35 minutes of baking later and dinner was served. I really enjoyed the cabbage, tender meat and tangy sauce. Mr M thought it was very authentic and gave it 9 out of 10. Good times. We have guests tomorrow so Polish take away shall be had, but Saturday will see us attempt homemade Pierogi and possibly a pudding…
Phone seems to have eaten pictures, which is a shame as it was a cool meal visually, lots of colours, textural contrast and now there is no way to show how they looked like pigeons.
Another virtuous meal, or at least it might have been with a bit less butter!
The recipe called for carp or some sort of river fish, reflecting the greater proportion of freshwater fish in Polish cooking compared with the UK. A logical difference based on geography, as the Polish coastline is proportionally very small compared to that of our island. We, however, had some salmon and so that was what we used.
Into a good sized pan went a large amount of butter and a chopped onion. After this had softened for a short while, it was accompanied by celery, carrot and button mushrooms. On top of this we placed the skinned and sliced fillets of fish and some salt and pepper. As I hate fishbones, I had spent a good few minutes picking the all out by hand. Rather fiddly but definitely worth it.
The recipe dictated a simmer / braise of 25 to 30 minutes, but this would probably have been too much. In the end we gave it just under 20 an served with hunks of bread.
Simple but tasty, it worked well with the salmon and it was nice to have a few more mushrooms (not sure if I’ll feel the same after another couple of weeks though!) 8.5 out of 10.
After an extravagant meal of pancakes yesterday at a friend’s, Mr M and I were both ready for a simple meal. Today’s dinner did just that.
I chopped onions, celery and carrots and then fried in oil until soft. Parsnips, potatoes and pearl barley then went in. A litre of stock and some bay leaves went in then dinner simmered for an hour. Simples.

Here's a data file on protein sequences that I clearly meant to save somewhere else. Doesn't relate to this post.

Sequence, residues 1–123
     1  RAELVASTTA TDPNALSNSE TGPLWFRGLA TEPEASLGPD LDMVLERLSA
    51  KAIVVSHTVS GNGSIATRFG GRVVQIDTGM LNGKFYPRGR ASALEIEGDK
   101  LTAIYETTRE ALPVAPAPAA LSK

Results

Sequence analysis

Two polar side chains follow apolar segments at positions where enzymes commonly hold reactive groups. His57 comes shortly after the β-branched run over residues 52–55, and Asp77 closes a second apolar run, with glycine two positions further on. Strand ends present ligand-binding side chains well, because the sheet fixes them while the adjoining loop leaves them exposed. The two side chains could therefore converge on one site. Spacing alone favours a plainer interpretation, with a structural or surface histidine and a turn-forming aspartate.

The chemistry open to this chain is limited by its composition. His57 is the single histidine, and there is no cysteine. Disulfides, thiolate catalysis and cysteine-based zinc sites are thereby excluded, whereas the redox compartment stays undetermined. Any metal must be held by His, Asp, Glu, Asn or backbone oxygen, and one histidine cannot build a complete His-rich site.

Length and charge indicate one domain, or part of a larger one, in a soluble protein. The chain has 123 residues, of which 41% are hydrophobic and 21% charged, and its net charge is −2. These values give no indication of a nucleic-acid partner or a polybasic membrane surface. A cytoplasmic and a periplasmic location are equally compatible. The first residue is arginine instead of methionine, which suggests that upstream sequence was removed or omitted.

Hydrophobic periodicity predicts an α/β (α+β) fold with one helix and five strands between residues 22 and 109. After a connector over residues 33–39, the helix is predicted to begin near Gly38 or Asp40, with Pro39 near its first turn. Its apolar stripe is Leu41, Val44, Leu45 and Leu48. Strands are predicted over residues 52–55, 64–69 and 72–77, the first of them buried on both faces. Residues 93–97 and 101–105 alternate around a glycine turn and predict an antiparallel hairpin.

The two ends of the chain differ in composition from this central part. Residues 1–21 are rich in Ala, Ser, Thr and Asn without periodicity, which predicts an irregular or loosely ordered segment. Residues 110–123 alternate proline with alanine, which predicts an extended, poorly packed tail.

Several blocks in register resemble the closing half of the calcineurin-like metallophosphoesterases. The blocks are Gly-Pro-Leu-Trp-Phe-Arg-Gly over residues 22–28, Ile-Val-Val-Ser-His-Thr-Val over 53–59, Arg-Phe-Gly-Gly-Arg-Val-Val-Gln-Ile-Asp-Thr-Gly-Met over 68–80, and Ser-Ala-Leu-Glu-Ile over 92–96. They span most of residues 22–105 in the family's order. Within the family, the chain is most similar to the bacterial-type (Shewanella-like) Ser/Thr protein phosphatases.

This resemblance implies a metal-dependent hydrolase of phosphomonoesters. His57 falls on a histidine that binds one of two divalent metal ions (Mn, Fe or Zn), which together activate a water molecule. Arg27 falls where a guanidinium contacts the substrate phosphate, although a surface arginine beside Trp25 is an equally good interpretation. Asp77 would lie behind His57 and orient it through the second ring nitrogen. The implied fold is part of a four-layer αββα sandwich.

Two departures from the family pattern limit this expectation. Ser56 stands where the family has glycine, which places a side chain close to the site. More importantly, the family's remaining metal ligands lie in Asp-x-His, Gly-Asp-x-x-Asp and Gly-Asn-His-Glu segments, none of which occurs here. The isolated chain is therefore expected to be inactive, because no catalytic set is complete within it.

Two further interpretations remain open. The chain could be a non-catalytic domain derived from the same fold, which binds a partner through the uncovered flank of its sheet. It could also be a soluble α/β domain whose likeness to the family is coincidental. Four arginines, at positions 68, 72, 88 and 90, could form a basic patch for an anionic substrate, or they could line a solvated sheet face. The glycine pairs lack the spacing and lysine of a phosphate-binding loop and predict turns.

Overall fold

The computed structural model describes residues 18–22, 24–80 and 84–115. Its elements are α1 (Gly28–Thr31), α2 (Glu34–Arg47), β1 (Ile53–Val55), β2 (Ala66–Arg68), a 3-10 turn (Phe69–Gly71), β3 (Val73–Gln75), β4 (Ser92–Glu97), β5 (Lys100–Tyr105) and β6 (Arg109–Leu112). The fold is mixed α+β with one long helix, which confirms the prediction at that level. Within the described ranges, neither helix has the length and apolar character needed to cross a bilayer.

Served up with some bread, it was tasty and filling, but very low on wow factor. Mr M gave it 7 out of 10.
It feels like a long time since we had a proper roast so this was a nice change. The recipe called for quite a long period in the oven though, which I’m not sure was right.
To start, I took a good size loin of pork and cut down through the joint from one end to provide a pocket for the stuffing. The stuffing consisted of onions fried in butter, a whole apple cut into small chunks, some raisins and a ground clove. This was supposed to be combined with breadcrumbs but we had none and so I substituted plain flour instead.
After stuffing with the stuffing, the joint went into a large pan along with sour cream and apple juice (instead of the cider requested by the recipe) and popped into the oven. After a good while some peeled potatoes went in as well.
The apple juice turned the crackling rather black due to all the sugars and so I had to put the lid over the pan for the second half of the cooking period. This meant that it didn’t stay at its crispest.
Overall quite nice and we’ll flavoured but a bit dry and with substandard crackling. A score of 8 out of 10 reflected the faults which were probably more down to the chef than the cookbook, this is a recipe that would probably be better with practice (and possibly ignoring some of the instructions!)
A couple of days delay in posting this one as I was hosting Mr Dave and provided him the borscht that I’d made on Friday night for his Saturday lunch. He rated it 9 out of 10, so it must have been good!
Although the recipe books we have do list borscht and ways to make it, I already had my own recipe up my sleeve. It is based on a recipe I’d found a few years ago but I’d added an ingredient or two and so claim it all as my own 🙂
A lot of frying and softening is the first order of the day. Polish sausage (any fat garlicy or tasty sausage will do) and a good amount of chorizo (not a traditional ingredient, but it works very nicely) are first fried in their own fat in the frying pan to make the most of their flavour. For a vegetarian version, you would have to sustitute a good handful of spices to get the flavours that would normally come from these fragrant and tasty sausages.
The juices stay in the pan and are used (along with a good amount more oil) to fry and flavour the other main ingredients of: onions, celery, garlic and – of course – beetroot. The beetroot had an amazing colour, a nice purple on the skins (under the brown mud) and then really deep red flesh. All of this gets thrown into the biggest cooking pot available along with salt and black pepper, some chunks of potato, a couple of tins of tomatoes, a couple of bay leaves and some water to cover it all.
After an hour or so simmering away, the soup is done. The quantities I used means that this is a substantial and chunky soup! More of a selection of vegetables with some sauce – but that’s how I like my soup. A dollop of sour cream provides the finishing touch to serve.
Normally I’d also throw in a few spoons of raspberry vinegar too, which sounds odd but works very nicely. Unfortunately we are all out and it is hard to find in the shops. Even so, the soup came out very nicely and Mr Dave was pleased with his filling and unusual lunch.